Score Yourself a $2 Breakfast Buffet at LVH

The LVH buffet has always been decent, but with off-and-on availability for breakfast and borderline too-high prices at $16 for lunch and $20 for dinner (even though beer and wine are included), it’s mostly a pass. But not if you’re a local. LVH has been running a special on Sundays through Thursdays offering Nevada residents who pay with club points breakfast for $2, lunch for $4, dinner for $5 and Sunday brunch for $7. That means you can earn a breakfast buffet with about an hour of quarter video-poker play.

• LVH is also running an April-only deal for $65 cabanas at the pool. The offer is good Mondays through Thursdays and is subject to availability, but that’s as low as you’ll find if you want to see what the summer cabana-fuss is all about.

• Want to see a really good show? It can get expensive. The lowest ticket for Le Rêve is $124. Donny & Marie starts at $121. Absinthe is $116. Cirque du Soleil shows start at $87 (with some at $119). Blue Man Group and Terry Fator start at $74. And Celine’s cheapest ticket is $72. The lowest-priced ticket for Jersey Boys, however, is just $63.80, $10 less than the second lowest—plus you can often find them for even less at the half-price booths or through discount codes online.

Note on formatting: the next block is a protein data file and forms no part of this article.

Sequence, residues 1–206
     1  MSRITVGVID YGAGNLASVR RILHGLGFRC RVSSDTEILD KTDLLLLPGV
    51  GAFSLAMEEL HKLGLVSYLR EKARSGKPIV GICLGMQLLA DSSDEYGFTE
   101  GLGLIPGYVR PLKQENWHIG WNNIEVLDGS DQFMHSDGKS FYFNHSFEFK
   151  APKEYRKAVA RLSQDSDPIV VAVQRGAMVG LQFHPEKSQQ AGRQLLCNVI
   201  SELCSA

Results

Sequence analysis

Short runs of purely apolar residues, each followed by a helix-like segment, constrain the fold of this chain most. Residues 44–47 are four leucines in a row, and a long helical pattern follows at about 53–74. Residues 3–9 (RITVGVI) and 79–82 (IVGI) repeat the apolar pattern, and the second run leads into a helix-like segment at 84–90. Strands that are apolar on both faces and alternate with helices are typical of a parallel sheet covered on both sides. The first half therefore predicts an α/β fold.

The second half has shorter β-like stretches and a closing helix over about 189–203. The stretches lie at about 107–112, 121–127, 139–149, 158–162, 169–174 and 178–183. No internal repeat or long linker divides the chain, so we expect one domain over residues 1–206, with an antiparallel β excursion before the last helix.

• Head to Tommy Rockers on Dean Martin Drive for a daily 2 to 7 p.m. happy hour, with half-off chicken wings and “classic” burgers, $2 off all appetizers and $1 off drinks. The wings are among the best in Vegas, and served in several preparations: traditional, BBQ, teriyaki, Cajun or sea salt and pepper. An order of 10 is just $3.98 during happy hour, or 40 cents per wing.

• Sweet Spot Candy Shop has opened Downtown at 616 Las Vegas Boulevard South, selling “retro” candies and sodas, taffy, gummies and chocolates. Remember Pixi Stix? They’re a nickel apiece. Individually wrapped Mary Jane and Bit ’0 Honey bite-sizers are 15 cents. Mallow Cups, Sugar Daddies and Zagnut bars are $1.95-$2.25. There are candy cigarettes, jawbreakers, Tootsie Rolls and Pop Rocks. Gummies of all sorts—worms, bears, fried eggs, army men, chicken feet—are $5 per half-pound, and chocolates are about $9 per half. Classic sodas—including Nesbitt’s, Pop Shoppe, and Big Red are $2.50.

• And then there’s eye candy. Red Rock’s central Lucky Bar has undergone a complete facelift. It’s a cool spot to grab a drink, but the real attraction lies in the new outfits worn by the female bartenders and cocktail servers. These are about as envelope-pushing as it gets, harking back to the days when the newly opened Rio’s Ipanema girls were the talk of the town. There have been a lot of hot cocktail unies around town, but these take the prize.

Suggested Next Read

The British Are Coming!

Green Felt Journal

The British Are Coming!

By David G. Schwartz

The two biggest demographics in Las Vegas these days seem to be nightclubbers and international visitors. As a bit of anecdotal evidence of the trend, the casinos in development that have stoked the imagination plan to cater either to the former (SLS, Gansevoort) or the latter (Resorts World). So when you get the two together—international visitors who like to party—you know you’re talking gold mine. Add in that they’re from one of the most lucrative feeder markets for Vegas—the United Kingdom—and you’re practically printing cash.



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